Rinse the kuromame with plenty of water, and drain throughly.
Combine water, soy sauce, white sugar, brown sugar, salt, and baking soda in a pot and cook over high heat. Bring to a boil, turn off the heat, then add the beans from Step 1. Cover with a lid and let sit for about 5 hours.
Heat Step 2. Cook over high heat, then reduce to low heat once boiled. Skim the scum while simmering over low heat for about 4 hours. The simmering water from Step 2 must be reduced to a level that barely covers the beans. Make sure the beans are constantly submerged while simmering.
The beans are done if they become soft enough to be mashed between your fingers.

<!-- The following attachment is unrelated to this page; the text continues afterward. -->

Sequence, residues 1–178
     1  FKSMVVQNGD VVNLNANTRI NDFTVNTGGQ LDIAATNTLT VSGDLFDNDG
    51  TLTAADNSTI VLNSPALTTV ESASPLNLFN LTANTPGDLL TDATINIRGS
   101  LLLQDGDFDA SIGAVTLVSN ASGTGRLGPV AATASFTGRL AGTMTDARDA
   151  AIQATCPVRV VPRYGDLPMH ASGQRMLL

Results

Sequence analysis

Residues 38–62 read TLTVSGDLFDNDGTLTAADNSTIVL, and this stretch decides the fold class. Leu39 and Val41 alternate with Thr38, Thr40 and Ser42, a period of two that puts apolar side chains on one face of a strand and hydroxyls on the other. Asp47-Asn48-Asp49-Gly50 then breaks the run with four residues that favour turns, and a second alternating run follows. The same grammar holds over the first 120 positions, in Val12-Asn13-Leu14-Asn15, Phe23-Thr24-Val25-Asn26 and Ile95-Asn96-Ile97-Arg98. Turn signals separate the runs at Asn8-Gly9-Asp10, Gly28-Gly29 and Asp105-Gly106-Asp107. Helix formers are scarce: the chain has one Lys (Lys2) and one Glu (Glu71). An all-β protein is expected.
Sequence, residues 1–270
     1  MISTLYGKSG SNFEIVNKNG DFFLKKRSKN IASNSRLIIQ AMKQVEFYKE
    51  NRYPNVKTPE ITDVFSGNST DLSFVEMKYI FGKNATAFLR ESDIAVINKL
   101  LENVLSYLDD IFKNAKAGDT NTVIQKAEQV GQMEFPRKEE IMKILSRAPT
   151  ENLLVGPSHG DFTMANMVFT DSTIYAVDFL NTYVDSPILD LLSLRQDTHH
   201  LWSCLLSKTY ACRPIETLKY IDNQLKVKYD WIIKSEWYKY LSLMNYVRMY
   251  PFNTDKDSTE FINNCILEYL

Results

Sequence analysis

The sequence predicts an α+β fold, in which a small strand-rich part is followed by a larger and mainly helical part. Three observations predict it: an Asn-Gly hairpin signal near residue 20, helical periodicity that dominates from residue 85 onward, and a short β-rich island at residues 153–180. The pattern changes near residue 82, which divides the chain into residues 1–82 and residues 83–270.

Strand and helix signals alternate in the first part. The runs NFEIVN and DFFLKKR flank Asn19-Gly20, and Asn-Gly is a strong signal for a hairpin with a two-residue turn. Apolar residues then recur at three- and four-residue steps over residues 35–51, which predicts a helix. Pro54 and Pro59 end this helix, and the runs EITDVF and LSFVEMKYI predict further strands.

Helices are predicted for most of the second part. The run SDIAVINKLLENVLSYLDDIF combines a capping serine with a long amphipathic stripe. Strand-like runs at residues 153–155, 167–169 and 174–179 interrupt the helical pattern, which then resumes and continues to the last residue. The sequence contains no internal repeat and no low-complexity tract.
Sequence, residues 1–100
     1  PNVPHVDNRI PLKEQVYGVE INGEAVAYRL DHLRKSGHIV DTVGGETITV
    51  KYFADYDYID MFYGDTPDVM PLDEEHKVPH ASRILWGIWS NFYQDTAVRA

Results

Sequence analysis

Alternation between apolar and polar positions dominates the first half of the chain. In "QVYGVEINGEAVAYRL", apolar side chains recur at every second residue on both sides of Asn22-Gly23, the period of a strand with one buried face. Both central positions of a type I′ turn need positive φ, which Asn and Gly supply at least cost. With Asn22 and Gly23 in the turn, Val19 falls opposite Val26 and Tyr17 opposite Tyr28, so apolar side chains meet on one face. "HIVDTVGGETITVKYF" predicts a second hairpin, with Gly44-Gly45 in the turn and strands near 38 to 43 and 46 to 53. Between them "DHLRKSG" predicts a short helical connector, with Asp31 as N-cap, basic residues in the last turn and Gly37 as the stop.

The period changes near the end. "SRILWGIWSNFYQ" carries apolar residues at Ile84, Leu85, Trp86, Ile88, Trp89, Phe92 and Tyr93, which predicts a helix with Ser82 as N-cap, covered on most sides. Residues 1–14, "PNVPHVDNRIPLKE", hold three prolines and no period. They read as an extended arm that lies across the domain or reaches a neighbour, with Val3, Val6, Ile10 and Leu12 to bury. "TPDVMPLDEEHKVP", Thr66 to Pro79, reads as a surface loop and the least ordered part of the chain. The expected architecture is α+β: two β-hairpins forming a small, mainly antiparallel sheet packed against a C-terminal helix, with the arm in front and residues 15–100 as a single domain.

Do not remove the simmered beans from the pot right away, but let them gradually cool down (to prevent the skin of the beans from becoming wrinkled). Make sure the simmered water is kept over the beans when storing.
Right after simmering, the beans will taste a bland and not flavorful enough, but they taste just right in two days.
I added some edible gold leaf since it's New Year's.
Story Behind this Recipe
My mother's recipe, to which I used to refer, was less satisfying because it called for a certain amount of water but actually required the occasional addition of water. So, to avoid that extra step, I increased the amount of water considerably. Blending brown sugar into the white sugar will give it a light and yet rich taste.
My recipe doesn't call for additional water later in the cooking process, but if the simmering water level becomes lower than the beans, then add water. Old beans -- harvested more than six months before use -- may take up to twice as long to become tender.